What went through the minds of those members of Nolin Presbytery as, on Tuesday, November 5, 1889, they set apart diminutive Louisa Mariah Layman Woosley as an ordained minister of the Gospel? Were they aware of the monumental step they were taking? Did they realize the significance it would have in the Cumberland Presbyterian denomination and, indeed, in the reformed family of churches?
Louisa Woosley was, like True Grit's Mattie Ross, "a Cumberland Presbyterian and proud of it." In a ministry that touched seven decades, Louisa never left the Cumberland fold. In 1906, when a large portion of Cumberland Presbyterian clergy left for the Presbyterian Church, Louisa remained to watch her detractors depart.
With her ordination in 1889 came a battle on the synodic and denominational level over the ordination of women and the place of women in God's plan. It was not until after the so called liberal clergy departed in droves in 1906 that opposition to her ordination withered and not until 1920 that women were denominationally recognized as fit to be ordained.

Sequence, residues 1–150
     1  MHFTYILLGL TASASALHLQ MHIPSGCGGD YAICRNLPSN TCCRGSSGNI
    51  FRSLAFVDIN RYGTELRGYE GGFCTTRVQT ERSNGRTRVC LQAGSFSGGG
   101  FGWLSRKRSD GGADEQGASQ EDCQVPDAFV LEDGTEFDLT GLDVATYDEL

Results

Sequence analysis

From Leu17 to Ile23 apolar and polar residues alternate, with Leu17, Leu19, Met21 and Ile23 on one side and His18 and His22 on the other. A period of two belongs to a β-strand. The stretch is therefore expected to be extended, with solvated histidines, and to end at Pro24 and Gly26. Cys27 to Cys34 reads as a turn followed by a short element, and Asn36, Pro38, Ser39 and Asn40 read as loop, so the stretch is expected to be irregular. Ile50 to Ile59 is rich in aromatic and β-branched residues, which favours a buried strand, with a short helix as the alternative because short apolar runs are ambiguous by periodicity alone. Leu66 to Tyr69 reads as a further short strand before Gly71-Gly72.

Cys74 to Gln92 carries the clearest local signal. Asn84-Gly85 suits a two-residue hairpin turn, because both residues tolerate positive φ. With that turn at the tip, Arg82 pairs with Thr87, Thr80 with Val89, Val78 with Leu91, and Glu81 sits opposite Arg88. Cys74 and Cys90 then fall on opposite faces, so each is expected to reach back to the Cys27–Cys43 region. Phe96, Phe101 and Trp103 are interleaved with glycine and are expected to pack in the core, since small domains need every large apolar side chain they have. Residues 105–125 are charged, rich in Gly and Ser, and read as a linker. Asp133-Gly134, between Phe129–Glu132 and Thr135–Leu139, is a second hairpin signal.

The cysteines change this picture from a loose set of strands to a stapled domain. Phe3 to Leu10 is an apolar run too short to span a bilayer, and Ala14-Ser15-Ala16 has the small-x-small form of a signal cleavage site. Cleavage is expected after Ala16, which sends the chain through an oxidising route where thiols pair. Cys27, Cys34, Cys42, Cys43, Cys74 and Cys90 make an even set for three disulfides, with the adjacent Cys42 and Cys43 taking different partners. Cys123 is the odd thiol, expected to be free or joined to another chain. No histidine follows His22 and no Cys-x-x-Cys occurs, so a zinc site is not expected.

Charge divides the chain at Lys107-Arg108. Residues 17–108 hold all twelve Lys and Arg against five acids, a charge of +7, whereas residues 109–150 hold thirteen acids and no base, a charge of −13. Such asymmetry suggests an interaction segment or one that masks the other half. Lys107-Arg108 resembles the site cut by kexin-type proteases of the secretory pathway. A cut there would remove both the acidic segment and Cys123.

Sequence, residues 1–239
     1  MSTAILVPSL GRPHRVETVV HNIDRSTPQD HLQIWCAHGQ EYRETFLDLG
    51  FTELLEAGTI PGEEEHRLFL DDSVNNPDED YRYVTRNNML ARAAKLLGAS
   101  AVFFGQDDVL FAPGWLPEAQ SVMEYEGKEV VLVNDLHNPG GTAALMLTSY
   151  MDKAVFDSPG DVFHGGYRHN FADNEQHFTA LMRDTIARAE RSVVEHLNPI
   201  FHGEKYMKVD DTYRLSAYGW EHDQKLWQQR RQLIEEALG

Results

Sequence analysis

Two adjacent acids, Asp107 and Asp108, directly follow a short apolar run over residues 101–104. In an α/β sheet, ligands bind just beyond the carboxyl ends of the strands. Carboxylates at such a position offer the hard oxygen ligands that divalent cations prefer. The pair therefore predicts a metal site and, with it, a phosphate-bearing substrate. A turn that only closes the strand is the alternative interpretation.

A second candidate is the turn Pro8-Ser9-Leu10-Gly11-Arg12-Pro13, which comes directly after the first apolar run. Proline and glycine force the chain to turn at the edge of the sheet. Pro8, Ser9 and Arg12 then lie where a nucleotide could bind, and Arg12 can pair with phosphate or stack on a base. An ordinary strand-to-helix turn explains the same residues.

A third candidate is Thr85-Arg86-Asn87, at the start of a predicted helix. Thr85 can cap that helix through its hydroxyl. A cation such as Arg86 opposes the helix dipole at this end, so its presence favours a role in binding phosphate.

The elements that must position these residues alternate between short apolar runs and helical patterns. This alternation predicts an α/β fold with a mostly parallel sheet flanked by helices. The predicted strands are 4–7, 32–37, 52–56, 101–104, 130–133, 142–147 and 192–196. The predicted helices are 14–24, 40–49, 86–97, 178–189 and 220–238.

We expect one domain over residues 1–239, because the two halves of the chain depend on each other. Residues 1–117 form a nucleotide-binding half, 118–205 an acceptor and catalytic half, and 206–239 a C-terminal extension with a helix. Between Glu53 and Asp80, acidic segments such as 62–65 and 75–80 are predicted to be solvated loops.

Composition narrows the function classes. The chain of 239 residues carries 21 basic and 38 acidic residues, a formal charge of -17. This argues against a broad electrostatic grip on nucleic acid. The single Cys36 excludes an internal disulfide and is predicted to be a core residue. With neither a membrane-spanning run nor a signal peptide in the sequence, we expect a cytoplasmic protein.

It seems so obvious today. Simply, our God is not limited by our prejudices over who is, or who is not, needed to serve the Kingdom Still, over six generations later, there are still those in Christendom, even in Presbyterianism, that deny the power of God to use women to spread the gospel as ordained clergy.
This is not the case in the communion called Cumberland Presbyterian. While women may still struggle with salary equality and may sometimes have a harder time finding a church to pastor, there is not a presbytery in either Cumberland Presbyterian denomination which would deny the right of Cumberland Presbyterian women to be ordained.
On the occasion of the 125th anniversary of Louisa Woosley's ordination, this volume celebrates Cumberland Presbyterian clergy women. It includes the heartfelt preaching voice of women across the spectrum of Cumberland Presbyterianism, 69 sermons in four languages from three continents. There can be no doubting the sincerity of that voice.